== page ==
Day one of their Italian honeymoon and Edward Roberts and Jade Walker received the email that would crush their long-held dreams of moving into their first home.
From a hotel in Rome, they learned that their developer was tearing up the contract for their off-the-plan apartment in Croydon.
“We were stunned and we were shattered because for two years, we’d been hanging on to moving into our first home,” Mr Roberts said.
The letter, seen by Fairfax Media, was sent last month, more than two years after the couple had signed the contract for the two-bedroom apartment.
The practice has been dubbed “sunset clawback”, a practice where developers rescind contracts for off-the-plan purchases and then put apartments back onto the market for sale. “Two Christmases have gone by that we’ve missed out on being in our first home.”Edward Roberts
It highlights the risks of buying off-the-plan, and has led to at least one class action in Sydney.
In June, 2015, Mr Roberts, then a 30-year-old police academy graduate, and Ms Walker, a 24-year-old university student, were ready to buy their first property.
The pair were thrilled to find a small apartment with a courtyard in a development that was more than halfway through construction.
“It was all pretty exciting,” Mr Roberts said. “We signed the contract and got the family together and had a glass of champagne and thought we were finally getting into the property market.
“We’d gone to a few auctions and we’d been blown out of the water every time so the idea of buying off the plan really appealed to us because it was a set price.”
The apartment was $399,000, but they received a $15,000 discount because it was one of the last units left in the first stage of the development.
“We’d gone out and seen the building and the walls were up and the roof was on,” Mr Roberts said.
They were told they would move in by September. But months ticked by and construction halted on the site.
The developer, Jeremy Collins, blamed plumbing problems, issues with council, disputes with builders and bad weather.
“Every time we’d speak to him there was a new excuse as to why there was a further delay,” Mr Roberts said.
Months turned into years.
“Two Christmases have gone by that we’ve missed out on being in our first home,” Mr Roberts said. “And our wedding was the first of July and obviously we never made it.”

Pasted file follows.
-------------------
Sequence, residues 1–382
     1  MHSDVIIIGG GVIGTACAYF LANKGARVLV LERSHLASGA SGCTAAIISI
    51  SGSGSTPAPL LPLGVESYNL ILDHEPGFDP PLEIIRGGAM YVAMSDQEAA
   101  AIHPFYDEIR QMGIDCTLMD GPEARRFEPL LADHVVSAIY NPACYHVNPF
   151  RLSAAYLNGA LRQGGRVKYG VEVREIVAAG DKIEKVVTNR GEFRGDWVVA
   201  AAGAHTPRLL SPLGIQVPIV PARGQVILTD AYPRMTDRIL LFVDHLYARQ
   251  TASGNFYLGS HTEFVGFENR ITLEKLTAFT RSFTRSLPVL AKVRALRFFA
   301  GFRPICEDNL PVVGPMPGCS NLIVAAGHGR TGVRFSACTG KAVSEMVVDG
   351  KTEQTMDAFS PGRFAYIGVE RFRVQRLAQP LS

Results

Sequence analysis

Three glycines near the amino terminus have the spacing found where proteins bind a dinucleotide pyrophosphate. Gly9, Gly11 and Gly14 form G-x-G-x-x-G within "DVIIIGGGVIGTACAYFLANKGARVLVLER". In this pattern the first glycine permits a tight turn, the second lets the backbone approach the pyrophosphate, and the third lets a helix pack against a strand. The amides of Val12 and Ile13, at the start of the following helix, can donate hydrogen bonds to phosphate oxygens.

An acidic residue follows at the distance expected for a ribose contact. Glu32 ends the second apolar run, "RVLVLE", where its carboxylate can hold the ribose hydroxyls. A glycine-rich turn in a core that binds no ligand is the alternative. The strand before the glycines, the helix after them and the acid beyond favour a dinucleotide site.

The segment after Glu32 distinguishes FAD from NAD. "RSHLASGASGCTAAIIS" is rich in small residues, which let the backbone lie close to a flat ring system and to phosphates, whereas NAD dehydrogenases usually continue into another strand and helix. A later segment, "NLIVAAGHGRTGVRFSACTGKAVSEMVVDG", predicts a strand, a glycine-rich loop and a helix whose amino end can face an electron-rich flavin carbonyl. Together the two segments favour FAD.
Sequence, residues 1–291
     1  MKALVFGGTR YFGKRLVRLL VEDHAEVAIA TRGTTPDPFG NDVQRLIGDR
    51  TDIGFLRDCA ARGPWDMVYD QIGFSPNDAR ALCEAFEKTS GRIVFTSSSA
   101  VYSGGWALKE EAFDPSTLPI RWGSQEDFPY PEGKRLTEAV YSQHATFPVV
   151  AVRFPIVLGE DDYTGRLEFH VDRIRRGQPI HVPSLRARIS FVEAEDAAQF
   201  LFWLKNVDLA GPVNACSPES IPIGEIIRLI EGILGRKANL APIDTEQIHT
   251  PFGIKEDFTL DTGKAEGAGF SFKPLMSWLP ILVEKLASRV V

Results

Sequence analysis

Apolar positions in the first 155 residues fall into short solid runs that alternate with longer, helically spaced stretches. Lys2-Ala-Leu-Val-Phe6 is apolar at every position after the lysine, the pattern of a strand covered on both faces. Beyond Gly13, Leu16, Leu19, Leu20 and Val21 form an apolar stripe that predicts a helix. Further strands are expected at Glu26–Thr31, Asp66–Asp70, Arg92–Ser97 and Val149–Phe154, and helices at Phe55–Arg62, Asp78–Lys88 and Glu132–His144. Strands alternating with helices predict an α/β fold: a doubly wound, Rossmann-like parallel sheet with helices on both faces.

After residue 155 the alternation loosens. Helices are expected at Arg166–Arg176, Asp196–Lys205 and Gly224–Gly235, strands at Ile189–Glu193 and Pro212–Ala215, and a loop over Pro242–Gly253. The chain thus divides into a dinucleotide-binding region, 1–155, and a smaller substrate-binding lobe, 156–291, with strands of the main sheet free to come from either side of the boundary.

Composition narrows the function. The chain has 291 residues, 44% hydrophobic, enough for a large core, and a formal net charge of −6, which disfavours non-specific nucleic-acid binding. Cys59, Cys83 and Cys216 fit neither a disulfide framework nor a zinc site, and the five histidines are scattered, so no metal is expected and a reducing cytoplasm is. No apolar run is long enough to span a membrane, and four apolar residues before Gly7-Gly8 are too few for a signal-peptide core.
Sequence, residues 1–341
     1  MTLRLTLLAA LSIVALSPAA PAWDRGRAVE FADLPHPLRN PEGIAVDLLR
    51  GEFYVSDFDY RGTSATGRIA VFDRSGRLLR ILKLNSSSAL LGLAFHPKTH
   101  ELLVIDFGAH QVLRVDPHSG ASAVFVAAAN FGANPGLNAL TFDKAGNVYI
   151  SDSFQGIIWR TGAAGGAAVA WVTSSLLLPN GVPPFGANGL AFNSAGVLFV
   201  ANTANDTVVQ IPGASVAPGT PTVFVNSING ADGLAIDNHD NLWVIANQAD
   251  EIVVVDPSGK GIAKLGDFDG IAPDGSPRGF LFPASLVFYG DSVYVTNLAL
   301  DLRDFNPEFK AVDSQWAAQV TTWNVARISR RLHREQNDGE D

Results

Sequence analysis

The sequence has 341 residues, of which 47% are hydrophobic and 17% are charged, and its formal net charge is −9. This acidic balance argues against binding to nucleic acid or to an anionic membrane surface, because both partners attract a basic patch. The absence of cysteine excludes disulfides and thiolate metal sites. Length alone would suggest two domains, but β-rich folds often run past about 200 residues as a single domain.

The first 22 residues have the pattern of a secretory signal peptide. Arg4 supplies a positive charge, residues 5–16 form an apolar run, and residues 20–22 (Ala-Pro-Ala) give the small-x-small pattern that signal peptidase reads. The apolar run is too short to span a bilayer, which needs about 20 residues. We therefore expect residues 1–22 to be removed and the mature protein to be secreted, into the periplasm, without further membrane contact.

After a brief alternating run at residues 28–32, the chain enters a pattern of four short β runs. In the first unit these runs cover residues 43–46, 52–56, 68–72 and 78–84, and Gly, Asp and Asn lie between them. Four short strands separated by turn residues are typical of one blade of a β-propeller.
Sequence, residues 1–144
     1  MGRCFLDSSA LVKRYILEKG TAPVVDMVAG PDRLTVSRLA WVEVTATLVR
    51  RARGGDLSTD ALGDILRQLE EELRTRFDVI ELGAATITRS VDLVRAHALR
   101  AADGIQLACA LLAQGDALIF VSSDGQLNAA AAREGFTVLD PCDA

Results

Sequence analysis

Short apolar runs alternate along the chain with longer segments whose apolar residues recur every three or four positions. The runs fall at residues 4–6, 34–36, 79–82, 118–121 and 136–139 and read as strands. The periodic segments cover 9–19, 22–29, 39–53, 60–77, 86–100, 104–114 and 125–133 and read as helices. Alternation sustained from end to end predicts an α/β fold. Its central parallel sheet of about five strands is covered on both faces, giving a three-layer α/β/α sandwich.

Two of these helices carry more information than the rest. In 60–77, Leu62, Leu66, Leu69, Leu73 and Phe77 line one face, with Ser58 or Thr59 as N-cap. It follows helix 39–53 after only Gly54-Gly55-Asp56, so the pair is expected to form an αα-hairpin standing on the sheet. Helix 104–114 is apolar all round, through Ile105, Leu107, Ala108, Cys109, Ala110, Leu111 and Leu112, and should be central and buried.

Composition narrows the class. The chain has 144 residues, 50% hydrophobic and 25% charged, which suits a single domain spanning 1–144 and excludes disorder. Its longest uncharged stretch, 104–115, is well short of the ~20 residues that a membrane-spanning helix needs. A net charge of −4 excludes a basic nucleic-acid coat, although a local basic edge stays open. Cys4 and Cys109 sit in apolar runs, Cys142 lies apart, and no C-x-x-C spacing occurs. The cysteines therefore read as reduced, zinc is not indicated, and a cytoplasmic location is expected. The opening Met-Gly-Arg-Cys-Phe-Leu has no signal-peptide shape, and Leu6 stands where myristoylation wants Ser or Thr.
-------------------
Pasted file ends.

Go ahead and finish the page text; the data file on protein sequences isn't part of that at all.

Days after the ceremony, lawyers acting for Mr Collins’ company C24 Pty Ltd told the newlyweds the contract had been terminated. A sunset clause stated the contract could be avoided if the building wasn’t registered within 24 months.
Fairfax Media has confirmed other buyers in the Croydon development have received similar legal letters ending their contracts.
Two bedroom apartments in the development are currently for sale for $460,000 — $76,000 more than what Mr Roberts and Ms Walker would have paid.
“It’s been a really, really terrible experience for us,” Mr Roberts said. “We just want to get a house to live in. We want to start a family.
“I thought getting the home loan was the hard part, not the contract that was offered.”
Mr Collins and lawyers representing C24 Pty Ltd did not respond to detailed questions.
Michael Fox, a principal with law firm McInnes Wilson, is now representing Mr Roberts and Ms Walker.
He would not go into specific details of the case, but said he was of the view the vendor did not have the right to terminate the contract.
“We have not been provided with any evidence that the vendor has used its best endeavours to have the plan registered, as required by the contract,” Mr Fox said.
“It is difficult to imagine what difficulties the vendor would have faced given the plan of sub division is not a complex one.
“There is correspondence between the vendor and our client as recently as June of this year discussing the final finishes that would be included in the apartment with no suggestion that the transaction would not proceed to settlement.”
He went on to say state and federal regulators might want to take a look at the legal issues highlighted by the case.
Simon Libbis, a lawyer specialising in property law, said off-the-plan contracts were riskier than other contracts.
“Contracts are generally heavily weighted in favour of the vendor,” he said, adding that he recommended buyers seek expert legal advice.
Mr Collins has headed other developments in Melbourne, including a new estate in Lilydale due to be completed next year.